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Mourners Hear a Call for Peace

Tragedy: As officers patrol outside, nearly 1,000 fill church to hear eulogy for Glendale teen slain amid ethnic fighting. Police vow to curb violence.

May 13, 2000|JEFFREY GETTLEMAN and GREG RISLING | SPECIAL TO THE TIMES

GLENDALE — The funeral for Raul Aguirre on Friday was not just a moment for mourning, it was a call for peace.

In the songs, in the prayers, in the sermon, in the eulogy, the message to the hundreds of mourners was to heal ethnic divisions created by the stabbing death last week of 17-year-old Raul during a fight with Armenian American teenagers.

Those rifts split open again Thursday night when police said a carload of Latinos shot an Armenian American boy in retaliation, triggering worries of an ethnic gang war.

"I have to believe if Raul could stand up here today he would say violence is not the answer," said the Rev. Paul J. Hruby of Incarnation Catholic Church, where the service was held. "We are not only Latino and Armenian, white and Asian, black and Middle Eastern. We are instruments of peace and we are called to be counter-cultural and to love and be loved by all."

While nearly 1,000 mourners streamed into the church Friday, Glendale city officials scrambled to clamp down on further violence.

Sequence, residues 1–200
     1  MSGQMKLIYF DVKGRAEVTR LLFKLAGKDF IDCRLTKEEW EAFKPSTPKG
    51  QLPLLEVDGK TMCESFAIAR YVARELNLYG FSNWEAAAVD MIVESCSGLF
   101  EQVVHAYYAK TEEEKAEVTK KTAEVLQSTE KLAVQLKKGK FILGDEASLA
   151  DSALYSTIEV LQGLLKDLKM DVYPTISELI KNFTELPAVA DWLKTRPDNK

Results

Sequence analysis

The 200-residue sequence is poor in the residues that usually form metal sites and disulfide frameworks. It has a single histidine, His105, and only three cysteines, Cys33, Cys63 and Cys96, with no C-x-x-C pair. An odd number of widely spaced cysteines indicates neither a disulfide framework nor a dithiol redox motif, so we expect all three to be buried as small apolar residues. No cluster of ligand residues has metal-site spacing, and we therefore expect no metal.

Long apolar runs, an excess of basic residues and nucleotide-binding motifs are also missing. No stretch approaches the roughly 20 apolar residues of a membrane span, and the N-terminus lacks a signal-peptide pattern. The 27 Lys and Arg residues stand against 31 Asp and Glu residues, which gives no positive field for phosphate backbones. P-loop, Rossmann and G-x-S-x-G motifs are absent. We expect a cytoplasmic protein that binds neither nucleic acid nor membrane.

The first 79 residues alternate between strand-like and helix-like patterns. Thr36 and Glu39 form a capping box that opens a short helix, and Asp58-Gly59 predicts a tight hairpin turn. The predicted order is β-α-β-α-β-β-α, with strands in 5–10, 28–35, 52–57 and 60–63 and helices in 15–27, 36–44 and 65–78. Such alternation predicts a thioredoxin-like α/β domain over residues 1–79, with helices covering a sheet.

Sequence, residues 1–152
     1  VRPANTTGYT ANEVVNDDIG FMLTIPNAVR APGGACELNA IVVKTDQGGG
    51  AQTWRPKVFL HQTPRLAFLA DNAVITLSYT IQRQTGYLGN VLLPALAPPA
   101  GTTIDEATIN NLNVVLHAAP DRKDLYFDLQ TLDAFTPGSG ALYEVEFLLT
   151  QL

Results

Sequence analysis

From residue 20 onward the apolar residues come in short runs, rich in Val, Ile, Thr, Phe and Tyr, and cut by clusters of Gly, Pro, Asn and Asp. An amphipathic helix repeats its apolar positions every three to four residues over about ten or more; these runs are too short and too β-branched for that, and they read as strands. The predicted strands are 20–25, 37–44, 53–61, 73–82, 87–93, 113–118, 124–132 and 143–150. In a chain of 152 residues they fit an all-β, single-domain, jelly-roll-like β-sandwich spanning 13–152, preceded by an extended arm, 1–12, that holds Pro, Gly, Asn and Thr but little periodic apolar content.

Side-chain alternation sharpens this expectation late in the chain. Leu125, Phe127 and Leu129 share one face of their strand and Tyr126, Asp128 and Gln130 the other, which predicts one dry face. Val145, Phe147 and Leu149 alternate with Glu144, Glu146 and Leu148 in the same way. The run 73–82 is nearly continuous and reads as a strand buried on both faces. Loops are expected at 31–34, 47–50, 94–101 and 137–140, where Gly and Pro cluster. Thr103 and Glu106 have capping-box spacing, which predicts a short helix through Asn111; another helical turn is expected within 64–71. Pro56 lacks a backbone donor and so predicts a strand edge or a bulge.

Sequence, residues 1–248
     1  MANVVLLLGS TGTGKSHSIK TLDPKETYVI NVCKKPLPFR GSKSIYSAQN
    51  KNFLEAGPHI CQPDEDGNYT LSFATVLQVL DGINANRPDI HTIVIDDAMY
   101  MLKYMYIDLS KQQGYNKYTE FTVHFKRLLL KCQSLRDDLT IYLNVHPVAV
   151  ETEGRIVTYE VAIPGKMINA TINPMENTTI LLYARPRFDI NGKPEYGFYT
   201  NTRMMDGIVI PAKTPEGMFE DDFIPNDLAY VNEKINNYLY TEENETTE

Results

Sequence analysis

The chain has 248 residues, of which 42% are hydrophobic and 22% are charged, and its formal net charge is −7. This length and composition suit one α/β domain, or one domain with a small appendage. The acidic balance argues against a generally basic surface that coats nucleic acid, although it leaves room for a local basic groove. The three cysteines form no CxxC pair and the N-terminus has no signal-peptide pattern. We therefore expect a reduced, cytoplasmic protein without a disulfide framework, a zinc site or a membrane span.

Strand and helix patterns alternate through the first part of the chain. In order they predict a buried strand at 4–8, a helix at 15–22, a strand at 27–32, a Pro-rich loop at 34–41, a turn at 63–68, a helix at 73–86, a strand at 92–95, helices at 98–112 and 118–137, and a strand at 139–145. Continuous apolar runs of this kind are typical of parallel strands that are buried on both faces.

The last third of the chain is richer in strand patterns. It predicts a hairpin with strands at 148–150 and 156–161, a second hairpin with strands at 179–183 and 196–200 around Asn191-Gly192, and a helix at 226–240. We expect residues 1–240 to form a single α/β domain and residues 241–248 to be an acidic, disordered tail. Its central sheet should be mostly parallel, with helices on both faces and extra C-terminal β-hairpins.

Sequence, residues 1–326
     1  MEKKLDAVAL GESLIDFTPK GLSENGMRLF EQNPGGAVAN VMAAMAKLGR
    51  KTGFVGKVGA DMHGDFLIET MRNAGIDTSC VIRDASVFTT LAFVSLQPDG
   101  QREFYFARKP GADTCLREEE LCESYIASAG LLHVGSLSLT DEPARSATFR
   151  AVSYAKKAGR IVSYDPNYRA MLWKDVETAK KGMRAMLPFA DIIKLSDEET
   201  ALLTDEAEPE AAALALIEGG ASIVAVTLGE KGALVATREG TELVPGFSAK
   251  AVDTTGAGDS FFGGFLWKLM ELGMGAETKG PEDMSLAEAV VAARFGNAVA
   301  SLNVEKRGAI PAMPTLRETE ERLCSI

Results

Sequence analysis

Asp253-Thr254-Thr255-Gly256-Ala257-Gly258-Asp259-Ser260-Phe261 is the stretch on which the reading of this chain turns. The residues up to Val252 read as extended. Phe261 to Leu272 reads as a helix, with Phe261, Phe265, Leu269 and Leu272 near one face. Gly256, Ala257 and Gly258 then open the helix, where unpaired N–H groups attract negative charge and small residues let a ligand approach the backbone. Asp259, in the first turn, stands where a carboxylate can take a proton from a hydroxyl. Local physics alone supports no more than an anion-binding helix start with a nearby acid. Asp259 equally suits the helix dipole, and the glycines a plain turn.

At least 15 police officers patrolled the church and its grounds. At Glendale City Hall, meetings were held to find ways to boost police presence on the streets this weekend, including the use of off-duty officers on overtime. Patrol officers will question and possibly run probation checks on teenagers hanging out in groups on city streets, Glendale Police Sgt. Rick Young said.

"We're coming down hard," Young said. "We can't afford to let this violence continue. What do they want? Another boy killed?"

People of all types came Friday to say goodbye to Raul.

There were teenage girls dressed in black with butterfly clips in their hair. There were men in work pants with rings of keys hanging on their hips and boys with shaved heads and scowling faces. There were old people, wailing babies, women in hats, families, and city officials sweating in their suits. The church was filled beyond capacity and though the crowd was mostly Latino, there were several Armenian Americans who came to pay respects.

"I think the two communities are closer now than we were a week ago," said Gus Gomez, a Glendale councilman. "This has been a terrible, tragic wake-up call that we need to work together."

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The most emotional moment of the funeral was when the blue-steel casket was wheeled into the church. The lid was closed, but inside Raul lay in his favorite Dodgers jersey and a pair of jeans. Raul's cousins, dressed in black pants, black shirts and white gloves, bowed their heads as they pushed the casket down the church aisle. Many began sobbing.

"It's so sad what happened to him," said 13-year-old Lourdes Loyola, a school friend.